Volume 19, Issue 1 (March - In Press 2021)                   Iranian Rehabilitation Journal 2021, 19(1): 0-0 | Back to browse issues page

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Mohammad Jabbar K, Gandomi F. The Effect of National Academy of Sports Medicine and Sahrmann Training on the Foot Pressure Distribution in Flexed Posture Students: A Randomized Clinical Trial. Iranian Rehabilitation Journal. 2021; 19 (1)
URL: http://irj.uswr.ac.ir/article-1-1281-en.html
1- Department of Sport Injuries and Corrective Exercises, Faculty of Physical Education and Sport Sciences, Razi University, Kermanshah, Iran.
Abstract:   (962 Views)
Objective: Flexed posture students who had hyperkyphosis (HKP) and forward head posture (FHP) due to changes in the spine alignment leads to displacement of the center of pressure and increased postural sways which ultimately disrupts the distribution of foot pressure. Therefore, the aim of this study was to compare the effect of eight weeks of National Academy of Sports Medicine (NASM) and Sharman training on foot pressure distribution in flexed posture students.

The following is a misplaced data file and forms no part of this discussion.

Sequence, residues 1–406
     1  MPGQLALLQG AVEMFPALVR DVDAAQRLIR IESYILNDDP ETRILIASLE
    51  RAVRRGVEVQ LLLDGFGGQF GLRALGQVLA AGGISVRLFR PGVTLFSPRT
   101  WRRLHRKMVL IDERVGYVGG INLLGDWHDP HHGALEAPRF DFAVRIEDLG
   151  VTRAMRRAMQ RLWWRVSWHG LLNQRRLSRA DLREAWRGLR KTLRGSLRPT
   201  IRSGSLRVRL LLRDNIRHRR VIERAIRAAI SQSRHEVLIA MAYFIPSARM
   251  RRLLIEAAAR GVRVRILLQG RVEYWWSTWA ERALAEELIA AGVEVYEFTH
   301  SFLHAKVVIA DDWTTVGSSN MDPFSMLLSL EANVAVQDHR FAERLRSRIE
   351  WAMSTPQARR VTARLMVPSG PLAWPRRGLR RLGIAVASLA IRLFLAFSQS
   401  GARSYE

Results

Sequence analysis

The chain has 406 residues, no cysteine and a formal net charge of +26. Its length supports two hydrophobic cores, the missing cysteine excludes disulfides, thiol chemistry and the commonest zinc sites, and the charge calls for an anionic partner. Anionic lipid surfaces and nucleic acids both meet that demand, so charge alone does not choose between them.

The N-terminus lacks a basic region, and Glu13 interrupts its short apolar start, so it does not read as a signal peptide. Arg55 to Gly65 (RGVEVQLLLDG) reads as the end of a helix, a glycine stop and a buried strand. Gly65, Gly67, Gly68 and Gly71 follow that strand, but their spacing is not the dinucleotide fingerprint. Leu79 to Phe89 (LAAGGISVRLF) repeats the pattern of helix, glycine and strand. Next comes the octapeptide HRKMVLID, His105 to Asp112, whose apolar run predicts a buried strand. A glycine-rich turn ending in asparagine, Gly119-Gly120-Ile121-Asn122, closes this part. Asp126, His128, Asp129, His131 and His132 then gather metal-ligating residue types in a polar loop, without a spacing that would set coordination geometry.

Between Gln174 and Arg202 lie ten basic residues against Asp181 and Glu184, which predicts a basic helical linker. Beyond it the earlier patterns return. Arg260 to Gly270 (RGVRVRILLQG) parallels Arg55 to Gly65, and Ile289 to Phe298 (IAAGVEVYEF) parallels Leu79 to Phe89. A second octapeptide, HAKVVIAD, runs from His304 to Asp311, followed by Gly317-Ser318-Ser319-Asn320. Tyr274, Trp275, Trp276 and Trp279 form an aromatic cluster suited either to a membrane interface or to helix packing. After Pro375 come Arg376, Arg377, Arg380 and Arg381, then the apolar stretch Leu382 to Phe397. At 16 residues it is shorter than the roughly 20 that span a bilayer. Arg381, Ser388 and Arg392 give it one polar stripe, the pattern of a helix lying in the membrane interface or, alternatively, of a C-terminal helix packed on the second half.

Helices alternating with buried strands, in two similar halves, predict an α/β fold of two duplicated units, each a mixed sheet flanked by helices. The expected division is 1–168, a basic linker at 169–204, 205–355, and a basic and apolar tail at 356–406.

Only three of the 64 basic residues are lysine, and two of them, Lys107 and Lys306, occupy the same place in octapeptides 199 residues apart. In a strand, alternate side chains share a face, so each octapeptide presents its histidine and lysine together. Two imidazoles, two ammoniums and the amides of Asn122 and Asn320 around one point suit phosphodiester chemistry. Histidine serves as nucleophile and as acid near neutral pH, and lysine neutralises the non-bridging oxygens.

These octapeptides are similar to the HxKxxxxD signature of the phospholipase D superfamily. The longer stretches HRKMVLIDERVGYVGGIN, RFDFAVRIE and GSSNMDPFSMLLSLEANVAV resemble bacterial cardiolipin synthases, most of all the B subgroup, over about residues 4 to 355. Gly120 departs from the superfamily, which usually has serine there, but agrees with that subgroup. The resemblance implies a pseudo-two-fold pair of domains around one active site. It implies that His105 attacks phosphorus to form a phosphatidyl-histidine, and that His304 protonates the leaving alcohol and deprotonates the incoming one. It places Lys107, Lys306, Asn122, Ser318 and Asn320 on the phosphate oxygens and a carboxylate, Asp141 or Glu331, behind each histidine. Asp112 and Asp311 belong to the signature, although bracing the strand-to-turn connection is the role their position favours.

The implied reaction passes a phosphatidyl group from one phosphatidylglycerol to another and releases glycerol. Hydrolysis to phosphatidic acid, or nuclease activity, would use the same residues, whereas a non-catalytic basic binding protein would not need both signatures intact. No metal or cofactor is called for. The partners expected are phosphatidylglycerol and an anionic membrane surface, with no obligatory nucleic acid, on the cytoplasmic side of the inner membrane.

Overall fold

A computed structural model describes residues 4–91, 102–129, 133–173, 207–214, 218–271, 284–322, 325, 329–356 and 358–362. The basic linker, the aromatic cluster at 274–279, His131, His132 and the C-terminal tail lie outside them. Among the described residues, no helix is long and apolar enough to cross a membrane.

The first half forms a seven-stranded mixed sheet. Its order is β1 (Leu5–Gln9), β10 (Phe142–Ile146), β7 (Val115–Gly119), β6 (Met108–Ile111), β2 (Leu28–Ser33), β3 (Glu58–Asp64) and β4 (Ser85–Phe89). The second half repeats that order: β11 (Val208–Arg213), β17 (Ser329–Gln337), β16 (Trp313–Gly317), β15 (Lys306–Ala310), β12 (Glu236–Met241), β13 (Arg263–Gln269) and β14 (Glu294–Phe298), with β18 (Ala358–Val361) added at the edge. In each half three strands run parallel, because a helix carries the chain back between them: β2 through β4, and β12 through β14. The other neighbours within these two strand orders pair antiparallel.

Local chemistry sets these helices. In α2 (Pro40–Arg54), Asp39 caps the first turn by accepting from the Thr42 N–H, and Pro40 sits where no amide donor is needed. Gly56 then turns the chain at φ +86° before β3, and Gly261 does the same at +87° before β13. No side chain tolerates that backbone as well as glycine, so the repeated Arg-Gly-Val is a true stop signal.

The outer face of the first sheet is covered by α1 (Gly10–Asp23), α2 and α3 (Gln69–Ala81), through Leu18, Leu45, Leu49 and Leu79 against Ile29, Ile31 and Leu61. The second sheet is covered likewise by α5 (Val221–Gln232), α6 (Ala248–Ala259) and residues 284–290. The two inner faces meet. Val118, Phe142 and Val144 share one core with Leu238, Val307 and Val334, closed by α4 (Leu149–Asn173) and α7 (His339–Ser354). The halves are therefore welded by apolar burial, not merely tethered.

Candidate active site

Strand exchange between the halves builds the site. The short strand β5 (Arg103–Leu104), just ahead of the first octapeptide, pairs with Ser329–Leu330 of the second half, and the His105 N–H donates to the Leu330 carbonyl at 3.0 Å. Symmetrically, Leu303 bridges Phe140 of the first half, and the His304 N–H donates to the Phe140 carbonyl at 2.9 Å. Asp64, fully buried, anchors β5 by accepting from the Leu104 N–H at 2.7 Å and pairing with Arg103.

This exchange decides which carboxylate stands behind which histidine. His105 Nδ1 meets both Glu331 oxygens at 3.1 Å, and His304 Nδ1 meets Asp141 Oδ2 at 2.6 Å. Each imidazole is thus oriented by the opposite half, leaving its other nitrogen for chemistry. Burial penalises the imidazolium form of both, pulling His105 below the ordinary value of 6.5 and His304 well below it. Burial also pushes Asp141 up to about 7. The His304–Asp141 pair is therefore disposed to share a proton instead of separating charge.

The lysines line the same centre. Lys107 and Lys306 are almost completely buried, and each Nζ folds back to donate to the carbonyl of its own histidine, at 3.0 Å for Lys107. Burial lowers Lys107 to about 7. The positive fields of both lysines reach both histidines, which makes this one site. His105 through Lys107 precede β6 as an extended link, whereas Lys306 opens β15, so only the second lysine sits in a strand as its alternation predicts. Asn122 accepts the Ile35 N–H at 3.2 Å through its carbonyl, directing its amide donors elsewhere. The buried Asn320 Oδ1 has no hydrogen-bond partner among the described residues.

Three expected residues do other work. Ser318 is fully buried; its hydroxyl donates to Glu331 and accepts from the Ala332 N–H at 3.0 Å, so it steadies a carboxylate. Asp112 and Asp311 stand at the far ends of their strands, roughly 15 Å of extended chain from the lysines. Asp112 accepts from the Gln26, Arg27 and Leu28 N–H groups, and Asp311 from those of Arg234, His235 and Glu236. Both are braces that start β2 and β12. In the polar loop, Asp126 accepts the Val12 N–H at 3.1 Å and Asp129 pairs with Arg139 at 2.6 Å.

Methods: In this double-blind randomized clinical trial thirty students with HKP and FHP were randomly assigned in two groups: NASM (n=15) and Sahrmann (n=15). The angle of HKP and FHP were evaluated by Spinal Mouse and Image J software. Foot pressure distribution were also evaluated by PT-Scan device. Both groups performed corrective exercises for eight weeks. Data were analyzed using SPSS software and the one way-Covariance statistical method. 
Results: The results showed that both groups of corrective exercises have significant differences in reducing the angle of HKP (P­=0.0001) and FHP (P­<­0.001), COP minor axis length (P­<0.05), COP major axis length (P­<0.001), COP path length (P­<0.001), standard deviation of internal-external sways (P<0.001), standard deviation of anterior-posterior sways (P­<0.001), but there was no significant difference for the COP area (P­>0.05) and symmetry index between two legs (P>0.05). 
Discussion: Both corrective exercises reduced HKP and FHP angles and reduced postural sways. However, Sahrmann intervention with adjusted muscle stiffness and reduced electromechanical latency was more effective than NASM exercises in improving postural control and foot pressure symmetry index.
Article type: Original Research Articles | Subject: Sport rehabilitation
Received: 2021/01/9 | Accepted: 2021/03/30 | Published: 2021/03/30

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